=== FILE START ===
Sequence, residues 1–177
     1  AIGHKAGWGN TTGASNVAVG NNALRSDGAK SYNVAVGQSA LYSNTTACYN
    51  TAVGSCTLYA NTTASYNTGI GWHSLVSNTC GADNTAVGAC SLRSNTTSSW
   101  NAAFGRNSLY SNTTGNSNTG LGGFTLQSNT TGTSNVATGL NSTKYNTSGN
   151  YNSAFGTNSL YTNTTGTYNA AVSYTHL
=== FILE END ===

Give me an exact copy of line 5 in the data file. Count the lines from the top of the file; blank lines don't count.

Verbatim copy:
   151  YNSAFGTNSL YTNTTGTYNA AVSYTHL